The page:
Human Rights Watch reported the large-scale destruction of at least 3,255 buildings, and that “the Egyptian army provided no written warning of the impending evictions and that many residents heard about the coming demolitions from army patrols, neighbours or media outlets”.
The second scandal the general referred to was the fact the military could have been targeting tourists, again. This brings us to the third scandal: in September 2015, a group of 12 Mexican tourists were mistaken for “terrorists”. Eight were killed by Egyptian army helicopters in the Western Desert and six injured.
“This is the system of this country, and you don’t have the right to question it,” the military spokesman, Brigadier General Mohamed Samir, told The New York Times.
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The fourth scandal was that the SP was apparently capable of planting an improvised explosive device or a grenade on the plane. This seems to be the most likely scenario so far. And if it is proved, the SP will look much more successful than al-Qaeda in the Arabian Peninsula.
Before 2011, this was al-Qaeda’s most dangerous franchise in targeting Western airlines. But all of its attempts to blow up Western planes were luckily foiled.
In the SP case, competing hypotheses exist on where and how they planted the IED/grenade. The locations could have been either the luggage – similar to the Lockerbie bombing – the food containers, or the plane’s wheels.
In all of these cases, the “how” would require either direct cooperation on the part of one or more security officials in Sharm el-Sheikh airport or deadly negligence; hence the fourth scandal.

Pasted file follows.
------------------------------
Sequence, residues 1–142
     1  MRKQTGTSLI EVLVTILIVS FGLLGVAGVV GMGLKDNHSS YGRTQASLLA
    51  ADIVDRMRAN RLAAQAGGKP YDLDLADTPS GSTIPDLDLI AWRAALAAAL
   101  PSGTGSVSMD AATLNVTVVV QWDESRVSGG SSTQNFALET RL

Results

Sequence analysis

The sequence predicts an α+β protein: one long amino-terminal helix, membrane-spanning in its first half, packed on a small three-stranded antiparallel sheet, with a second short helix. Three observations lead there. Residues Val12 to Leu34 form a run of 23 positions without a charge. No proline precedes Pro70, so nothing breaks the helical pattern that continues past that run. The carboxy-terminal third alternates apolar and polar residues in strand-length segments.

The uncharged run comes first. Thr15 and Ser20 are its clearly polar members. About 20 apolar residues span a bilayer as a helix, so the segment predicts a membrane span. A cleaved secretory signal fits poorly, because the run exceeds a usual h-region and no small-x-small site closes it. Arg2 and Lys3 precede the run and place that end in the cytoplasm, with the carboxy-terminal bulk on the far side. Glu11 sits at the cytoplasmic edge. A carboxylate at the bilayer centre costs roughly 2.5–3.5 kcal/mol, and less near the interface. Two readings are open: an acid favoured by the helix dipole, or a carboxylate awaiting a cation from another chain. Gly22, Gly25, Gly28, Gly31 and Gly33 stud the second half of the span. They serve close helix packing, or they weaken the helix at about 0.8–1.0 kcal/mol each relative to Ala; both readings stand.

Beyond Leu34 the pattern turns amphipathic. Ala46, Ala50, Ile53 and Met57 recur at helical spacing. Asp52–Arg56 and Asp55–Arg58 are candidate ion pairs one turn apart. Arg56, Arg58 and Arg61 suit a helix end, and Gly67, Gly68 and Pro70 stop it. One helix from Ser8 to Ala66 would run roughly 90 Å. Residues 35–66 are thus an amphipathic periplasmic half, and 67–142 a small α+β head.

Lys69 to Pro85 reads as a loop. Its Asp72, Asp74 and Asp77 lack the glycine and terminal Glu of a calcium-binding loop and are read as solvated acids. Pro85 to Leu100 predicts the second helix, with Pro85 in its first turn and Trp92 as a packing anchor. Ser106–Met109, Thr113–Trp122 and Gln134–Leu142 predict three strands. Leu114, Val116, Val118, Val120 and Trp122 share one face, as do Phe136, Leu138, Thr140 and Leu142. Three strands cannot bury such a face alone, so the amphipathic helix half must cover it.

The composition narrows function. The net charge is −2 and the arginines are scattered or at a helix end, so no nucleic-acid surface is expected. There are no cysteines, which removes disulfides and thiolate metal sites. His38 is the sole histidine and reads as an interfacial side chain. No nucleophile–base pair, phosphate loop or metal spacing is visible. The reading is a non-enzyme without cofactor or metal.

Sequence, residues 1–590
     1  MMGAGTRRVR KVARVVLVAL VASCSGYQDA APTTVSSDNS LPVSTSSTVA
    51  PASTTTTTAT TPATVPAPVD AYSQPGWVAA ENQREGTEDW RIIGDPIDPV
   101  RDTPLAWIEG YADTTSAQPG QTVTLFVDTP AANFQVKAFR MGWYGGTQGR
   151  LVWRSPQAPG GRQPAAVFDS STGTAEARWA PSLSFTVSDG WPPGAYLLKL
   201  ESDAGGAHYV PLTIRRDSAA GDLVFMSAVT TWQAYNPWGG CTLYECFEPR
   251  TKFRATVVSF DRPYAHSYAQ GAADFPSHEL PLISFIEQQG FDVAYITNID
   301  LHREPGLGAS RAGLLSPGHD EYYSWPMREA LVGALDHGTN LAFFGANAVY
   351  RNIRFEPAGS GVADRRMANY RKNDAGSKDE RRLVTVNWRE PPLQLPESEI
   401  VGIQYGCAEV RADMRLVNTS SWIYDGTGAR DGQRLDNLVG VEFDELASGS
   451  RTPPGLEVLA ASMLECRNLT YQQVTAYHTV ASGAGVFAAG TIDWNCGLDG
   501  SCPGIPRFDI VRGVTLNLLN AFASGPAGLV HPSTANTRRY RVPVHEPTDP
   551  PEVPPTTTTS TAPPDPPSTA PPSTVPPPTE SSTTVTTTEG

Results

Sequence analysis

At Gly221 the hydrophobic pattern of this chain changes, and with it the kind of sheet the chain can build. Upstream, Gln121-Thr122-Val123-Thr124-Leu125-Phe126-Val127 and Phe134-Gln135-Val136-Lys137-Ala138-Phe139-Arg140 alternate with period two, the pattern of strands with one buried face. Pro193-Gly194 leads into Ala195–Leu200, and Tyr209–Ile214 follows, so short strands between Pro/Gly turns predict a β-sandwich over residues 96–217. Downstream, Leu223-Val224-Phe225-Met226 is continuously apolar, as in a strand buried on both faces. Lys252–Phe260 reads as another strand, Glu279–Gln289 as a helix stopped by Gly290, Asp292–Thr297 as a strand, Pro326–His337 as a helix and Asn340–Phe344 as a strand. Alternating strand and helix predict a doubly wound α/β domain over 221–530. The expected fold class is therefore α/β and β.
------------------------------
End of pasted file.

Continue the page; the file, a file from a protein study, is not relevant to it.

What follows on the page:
After the military coup of July 2013 and the success of the new regime in repressing dissent, the British government was more interested in political stability, counterterrorism, the prevention of refugee outflows, the security of allied governments and regimes, and economic investments and imports than democratisation and human rights.
The Sisi regime courted these interests by selling a narrative of a strongman capability of providing stability, countering terrorism, preventing refugee outflows and providing other services.
But incidents such as the Russian plane crash, the death of the Mexican tourists, the restive Sinai Peninsula and unprecedented levels of corruption and repression undermine that narrative and its marketability.
In Britain there are multiple views. One side perceives the Sisi regime as capable of providing important services in exchange for limited costs.
But others within the policy circles believe that the regime is incompetent at delivering services, and that the policies of intensive repression will ultimately produce more security threats, further instability and future waves of refugees.
The struggle between these two views represents the clash between those who believe in reconciling British values with British interests and those who believe that they are irreconcilable, at least in the short term.
Omar Ashour is Senior Lecturer in Security Studies at the Institute of Arab and Islamic Studies at the University of Exeter and an Associate Fellow at Chatham House.
The views expressed in this article are the author’s own and do not necessarily reflect Al Jazeera’s editorial policy.